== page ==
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Bruce Martin Broyles

Bruce Martin Broyles

  • Foreclosure Defense, Appeals & Appellate, Business Law ...
  • Ohio
Claimed Lawyer ProfileQ&A

Admitted to practice in 1989; Staff attorney for 11th District Court of Appeals, Associate Attorney for three litigation firms from 1992 - 2004, opened my own practice in 2004. Handle a variety of issues in Appellate practice, civil litigation, business disputes, real estate, and actively involved in foreclosure defenses.

Ohio State University - Columbus
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Professional Associations
Ohio State Bar  # 0042562
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Jurisdictions Admitted to Practice
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6th Circuit
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  • Free Consultation
Practice Areas
    Foreclosure Defense
    Appeals & Appellate
    Civil Appeals, Federal Appeals
    Business Law
    Business Contracts, Business Dissolution, Business Finance, Business Formation, Business Litigation, Franchising, Mergers & Acquisitions, Partnership & Shareholder Disputes
    Construction Law
    Construction Contracts, Construction Defects, Construction Liens, Construction Litigation
    Landlord Tenant
    Evictions, Housing Discrimination, Landlord Rights, Rent Control, Tenants' Rights
    Real Estate Law
    Commercial Real Estate, Condominiums, Easements, Eminent Domain, Homeowners Association, Land Use & Zoning, Mortgages, Neighbor Disputes, Residential Real Estate, Water Law
Legal Answers
Q. If I have checks that have cleared my bank for rent and my apt filed an eviction notice, can I put my rent in escrow?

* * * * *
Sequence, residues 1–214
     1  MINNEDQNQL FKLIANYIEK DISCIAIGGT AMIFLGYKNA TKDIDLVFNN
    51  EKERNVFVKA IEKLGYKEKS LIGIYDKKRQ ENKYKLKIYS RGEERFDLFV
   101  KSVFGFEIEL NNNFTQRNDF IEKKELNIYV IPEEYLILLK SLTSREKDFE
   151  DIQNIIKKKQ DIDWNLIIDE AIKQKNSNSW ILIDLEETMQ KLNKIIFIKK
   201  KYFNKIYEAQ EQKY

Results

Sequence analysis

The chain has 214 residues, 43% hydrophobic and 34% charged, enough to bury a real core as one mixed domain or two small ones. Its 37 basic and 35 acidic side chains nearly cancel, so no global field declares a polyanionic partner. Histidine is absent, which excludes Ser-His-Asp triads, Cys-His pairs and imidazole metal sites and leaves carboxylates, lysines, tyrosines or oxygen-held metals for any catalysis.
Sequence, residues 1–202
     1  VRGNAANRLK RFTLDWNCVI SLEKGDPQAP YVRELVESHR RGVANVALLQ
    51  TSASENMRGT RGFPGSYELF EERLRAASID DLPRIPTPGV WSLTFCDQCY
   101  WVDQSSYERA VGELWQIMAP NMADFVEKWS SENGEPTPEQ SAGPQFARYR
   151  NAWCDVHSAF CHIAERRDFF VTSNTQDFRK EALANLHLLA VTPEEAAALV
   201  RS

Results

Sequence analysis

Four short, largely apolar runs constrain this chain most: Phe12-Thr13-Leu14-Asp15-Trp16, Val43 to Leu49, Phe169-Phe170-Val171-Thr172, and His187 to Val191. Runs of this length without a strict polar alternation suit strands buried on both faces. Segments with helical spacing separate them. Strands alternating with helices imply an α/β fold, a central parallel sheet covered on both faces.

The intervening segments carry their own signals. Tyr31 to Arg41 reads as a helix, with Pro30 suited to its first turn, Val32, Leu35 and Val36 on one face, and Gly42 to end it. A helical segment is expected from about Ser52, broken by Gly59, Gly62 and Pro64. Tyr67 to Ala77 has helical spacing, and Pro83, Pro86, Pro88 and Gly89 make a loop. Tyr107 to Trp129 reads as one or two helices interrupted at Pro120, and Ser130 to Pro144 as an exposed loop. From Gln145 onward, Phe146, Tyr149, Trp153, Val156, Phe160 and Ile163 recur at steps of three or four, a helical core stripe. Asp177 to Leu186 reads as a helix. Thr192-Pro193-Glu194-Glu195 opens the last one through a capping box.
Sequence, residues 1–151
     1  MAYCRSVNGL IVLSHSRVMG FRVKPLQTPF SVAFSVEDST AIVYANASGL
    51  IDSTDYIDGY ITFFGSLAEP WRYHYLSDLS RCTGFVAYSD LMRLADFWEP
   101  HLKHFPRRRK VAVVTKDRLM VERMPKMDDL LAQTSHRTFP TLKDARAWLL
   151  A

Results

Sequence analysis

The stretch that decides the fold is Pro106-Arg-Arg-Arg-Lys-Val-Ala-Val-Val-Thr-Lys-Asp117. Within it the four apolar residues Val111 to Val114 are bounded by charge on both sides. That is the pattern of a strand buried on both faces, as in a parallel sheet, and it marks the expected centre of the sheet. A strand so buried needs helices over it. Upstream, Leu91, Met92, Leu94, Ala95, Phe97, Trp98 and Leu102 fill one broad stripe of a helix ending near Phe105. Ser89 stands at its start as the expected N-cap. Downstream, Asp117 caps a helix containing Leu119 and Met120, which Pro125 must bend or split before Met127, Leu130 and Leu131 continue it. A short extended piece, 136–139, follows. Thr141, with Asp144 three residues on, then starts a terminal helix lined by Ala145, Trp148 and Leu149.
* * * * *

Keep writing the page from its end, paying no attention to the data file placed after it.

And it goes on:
A: 1.
Q. I am a subcontractor and owner wrote a check that said final and if I cash such check I cannot file a lien. However
A: Ohio law over the years has gone back and forth on the effect of cashing a check marked "paid in full". In 1996, R.C. 1303.40 established that cashing a check marked paid in full will extinguish the debt. Even though you have a pending lawsuit, you should not cash the check.
Q. I received a summons of HOA fees that I paid to our new Management company. The old management company is suing me
A: You have a defense of payment (Accord and Satisfaction). The HOA will assert that you were late in payment and never paid until the law firm was engaged and you received the complaint. The ability to demonstrate the timing of your payment will be critical to your defense.

I believe that the HOA will file liens and lawsuits because the statutory scheme in Ohio allows the HOA to recover its attorney fees. (HOA would never be able to collect one or two months of fees without the fee shifting statute.). As a result, the attorney fees that will be incurred by the HOA during the small claims hearing will be more than the HOA fees that they claim you owe. Small claims will limit the time and expense so maybe the attorney fees will be less.

If you can demonstrate that you timely paid your HOA fees and you are willing to risk having a judgment rendered against you, then you can defend the small claims and your risk would not be that great.

If you can demonstrate that you timely paid your HOA fees, and you want to increase your risk and potentially your reward, then you could file a motion to move the case to the regular docket based upon having a valid defense of payment. On the regular docket you can participate in discovery, determine whether the law firm is a debt collector, and whether the law firm knew or should have known that the lawsuit was not legitimate. If you can demonstrate those items, then you could bring a fair debt collections practices act claim.

Most likely the best approach would be to call the law firm, show them that you paid and see if they will dismiss the complaint.
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2670 North Columbus Street
2670 North Columbus Street
Suite L
Lancaster, OH 43130
Telephone: (740) 277-7850